Nutrition - For A Healthy Start In Life

Just like people, food plays a vital role in a kitten’s health. The first year of your kitten’s life is the most important for growth and development. The right food will help them grow strong bones and muscles, and aid in eye and brain development.


Come training time, this will be crucial.

Feline nutritional science has made great advances in recent years. Commercial foods are now available to supply perfectly balanced diets depending on your cat’s age and lifestyle. From kittens through to seniors, and even specialty diets for cats with particular diseases. Long, healthy and happy lives are easily catered for. And just like parasite protection – it can be confusing. Your vet and clinic staff can advise you on the nutritional needs of your kitten.

The essential info:

Their diet needs to be made-up of:

  • Proteins*
  • Carbohydrates*
  • Lipids (fats)*
  • Vitamins and minerals.

One nutritional difference between your kitten/cat needs vs. a dog, is taurine. Your kitten’s diet must include this in order to survive. In the wild they usually get this hunting and eating birds or mice.

*Kittens have higher protein and fat demands than adult cats. This is because of the extra energy it takes to grow a strong body.

Meal-time tips

Kittens aged 8-12 weeks need four meals a day, dropping to three a day for 3-6 month olds, and finally two meals a day for cats over 6 months.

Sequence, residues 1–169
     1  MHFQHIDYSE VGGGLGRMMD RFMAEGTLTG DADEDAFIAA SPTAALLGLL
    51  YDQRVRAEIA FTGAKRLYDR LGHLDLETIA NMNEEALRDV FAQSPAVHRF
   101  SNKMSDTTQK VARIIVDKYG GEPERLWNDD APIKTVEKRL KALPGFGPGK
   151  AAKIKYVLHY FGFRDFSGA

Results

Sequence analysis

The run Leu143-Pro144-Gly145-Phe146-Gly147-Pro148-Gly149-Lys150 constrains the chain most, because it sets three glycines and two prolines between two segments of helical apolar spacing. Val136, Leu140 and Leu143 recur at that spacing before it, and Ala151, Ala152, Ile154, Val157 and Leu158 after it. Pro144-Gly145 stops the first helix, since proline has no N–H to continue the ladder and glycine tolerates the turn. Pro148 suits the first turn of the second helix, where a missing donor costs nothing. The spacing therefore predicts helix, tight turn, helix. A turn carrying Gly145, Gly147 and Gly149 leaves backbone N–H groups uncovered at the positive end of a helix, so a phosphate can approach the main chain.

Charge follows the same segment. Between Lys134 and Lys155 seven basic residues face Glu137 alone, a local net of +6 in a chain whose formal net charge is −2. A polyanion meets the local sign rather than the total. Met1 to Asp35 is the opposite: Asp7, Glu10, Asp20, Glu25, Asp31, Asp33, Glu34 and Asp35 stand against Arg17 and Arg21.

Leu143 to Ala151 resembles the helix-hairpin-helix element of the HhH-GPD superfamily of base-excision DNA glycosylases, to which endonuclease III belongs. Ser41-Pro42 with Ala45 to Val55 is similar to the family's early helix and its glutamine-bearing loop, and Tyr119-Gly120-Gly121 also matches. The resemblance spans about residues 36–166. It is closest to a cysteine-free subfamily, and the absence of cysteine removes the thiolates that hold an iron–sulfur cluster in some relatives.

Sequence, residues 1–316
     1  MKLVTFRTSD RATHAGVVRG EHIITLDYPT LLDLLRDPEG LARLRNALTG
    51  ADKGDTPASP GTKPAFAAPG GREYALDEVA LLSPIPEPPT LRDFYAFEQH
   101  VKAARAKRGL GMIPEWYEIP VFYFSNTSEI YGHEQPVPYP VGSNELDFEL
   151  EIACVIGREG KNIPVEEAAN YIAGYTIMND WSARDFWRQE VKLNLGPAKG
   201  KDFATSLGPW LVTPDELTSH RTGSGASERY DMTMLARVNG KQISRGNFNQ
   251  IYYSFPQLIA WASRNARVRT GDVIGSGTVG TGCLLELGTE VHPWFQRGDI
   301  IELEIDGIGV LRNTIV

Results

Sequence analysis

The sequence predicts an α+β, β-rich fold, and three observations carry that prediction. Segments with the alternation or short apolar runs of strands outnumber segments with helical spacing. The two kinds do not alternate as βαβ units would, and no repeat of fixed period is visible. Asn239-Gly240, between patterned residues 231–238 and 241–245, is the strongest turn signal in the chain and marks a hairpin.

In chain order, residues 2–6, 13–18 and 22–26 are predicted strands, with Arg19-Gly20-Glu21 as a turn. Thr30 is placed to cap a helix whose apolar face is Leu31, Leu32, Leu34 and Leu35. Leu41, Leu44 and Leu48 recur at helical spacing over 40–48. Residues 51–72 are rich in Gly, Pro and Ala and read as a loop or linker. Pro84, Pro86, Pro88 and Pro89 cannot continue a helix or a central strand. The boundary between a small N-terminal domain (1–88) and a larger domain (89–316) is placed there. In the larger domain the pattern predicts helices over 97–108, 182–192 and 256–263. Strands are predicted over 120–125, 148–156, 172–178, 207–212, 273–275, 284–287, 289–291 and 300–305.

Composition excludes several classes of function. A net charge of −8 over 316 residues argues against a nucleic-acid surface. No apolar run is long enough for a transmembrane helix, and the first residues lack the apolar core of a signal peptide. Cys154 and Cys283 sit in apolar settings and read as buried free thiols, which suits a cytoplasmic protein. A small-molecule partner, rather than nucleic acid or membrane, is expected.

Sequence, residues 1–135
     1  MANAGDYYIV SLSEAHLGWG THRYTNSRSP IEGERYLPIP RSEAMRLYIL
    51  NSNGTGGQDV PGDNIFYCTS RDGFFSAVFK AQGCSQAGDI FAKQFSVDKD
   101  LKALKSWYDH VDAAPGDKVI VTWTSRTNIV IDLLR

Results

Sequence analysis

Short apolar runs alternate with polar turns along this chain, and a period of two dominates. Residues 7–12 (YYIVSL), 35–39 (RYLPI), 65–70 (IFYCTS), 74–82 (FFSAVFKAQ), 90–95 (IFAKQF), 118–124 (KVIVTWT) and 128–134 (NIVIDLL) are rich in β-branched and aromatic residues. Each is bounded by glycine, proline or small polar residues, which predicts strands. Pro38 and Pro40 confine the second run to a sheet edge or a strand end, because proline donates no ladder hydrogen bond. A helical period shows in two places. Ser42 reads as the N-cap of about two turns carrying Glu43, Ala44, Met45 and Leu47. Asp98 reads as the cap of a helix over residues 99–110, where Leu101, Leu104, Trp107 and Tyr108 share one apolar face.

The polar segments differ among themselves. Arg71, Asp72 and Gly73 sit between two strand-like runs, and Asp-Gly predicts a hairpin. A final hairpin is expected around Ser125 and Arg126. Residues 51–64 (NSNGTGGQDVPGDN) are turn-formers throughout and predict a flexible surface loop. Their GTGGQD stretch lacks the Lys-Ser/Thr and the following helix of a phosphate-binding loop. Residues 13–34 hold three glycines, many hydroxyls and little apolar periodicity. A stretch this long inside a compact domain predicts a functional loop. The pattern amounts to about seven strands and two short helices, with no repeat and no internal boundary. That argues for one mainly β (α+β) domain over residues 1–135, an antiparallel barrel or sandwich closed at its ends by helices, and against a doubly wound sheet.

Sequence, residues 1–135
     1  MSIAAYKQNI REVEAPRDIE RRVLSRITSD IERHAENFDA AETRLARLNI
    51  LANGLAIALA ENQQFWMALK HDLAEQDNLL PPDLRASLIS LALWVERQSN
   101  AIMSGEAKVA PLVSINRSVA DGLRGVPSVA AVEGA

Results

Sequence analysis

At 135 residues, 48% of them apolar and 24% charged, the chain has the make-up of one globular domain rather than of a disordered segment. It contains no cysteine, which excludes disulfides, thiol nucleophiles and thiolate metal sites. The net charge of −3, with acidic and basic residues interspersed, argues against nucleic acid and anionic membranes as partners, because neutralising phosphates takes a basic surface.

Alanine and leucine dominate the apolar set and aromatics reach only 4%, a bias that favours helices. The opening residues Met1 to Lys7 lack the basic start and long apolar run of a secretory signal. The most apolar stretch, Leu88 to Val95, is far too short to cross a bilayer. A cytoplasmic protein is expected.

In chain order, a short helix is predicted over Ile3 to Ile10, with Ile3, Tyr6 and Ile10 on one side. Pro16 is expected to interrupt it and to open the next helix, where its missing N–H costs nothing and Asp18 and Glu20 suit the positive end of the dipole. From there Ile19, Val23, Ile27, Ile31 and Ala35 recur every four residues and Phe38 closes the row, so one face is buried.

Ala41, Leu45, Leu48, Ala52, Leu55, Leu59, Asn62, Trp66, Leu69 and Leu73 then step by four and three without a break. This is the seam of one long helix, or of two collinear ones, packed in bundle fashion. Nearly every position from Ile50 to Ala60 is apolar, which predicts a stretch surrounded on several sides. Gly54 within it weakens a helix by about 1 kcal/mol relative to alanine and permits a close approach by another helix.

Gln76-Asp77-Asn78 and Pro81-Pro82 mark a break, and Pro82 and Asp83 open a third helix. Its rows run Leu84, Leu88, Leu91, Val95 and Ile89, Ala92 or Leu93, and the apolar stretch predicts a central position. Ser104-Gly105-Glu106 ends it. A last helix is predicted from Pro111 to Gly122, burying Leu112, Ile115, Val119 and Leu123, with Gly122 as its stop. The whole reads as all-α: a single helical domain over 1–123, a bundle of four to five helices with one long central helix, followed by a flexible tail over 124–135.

Cats are sensory eaters, they use their sense of smell to help them eat. They are also picky and particular, meaning some cats will like a bowl, so their whiskers can touch the sides, others prefer a plate or flat dish so that those whiskers don’t touch a thing.

Remember to always provide fresh drinking water at all times for your kitten and keep their food and water dishes away from litter boxes and where they sleep.

Do not give your kitten cow’s milk as it can give them an upset tummy. If you wish to feed milk use one that is specially formulated for cats. Stomach upsets that persist for more than 24 hours require veterinary attention.

Hunting for fun

Most cats hunt. It’s a simple fact. And feeding them more won’t stop it. In the wild, cats hunt alone, so if they waited until they were hungry before they tried to get food they would run the risk of starving. Instead, cats are always ready to grab a living snack. If you are concerned about this behaviour, you should try other means of prevention, such as restricting the cat’s environment, or provide more play toys for distraction.


The once-monthly protection against harmful parasite.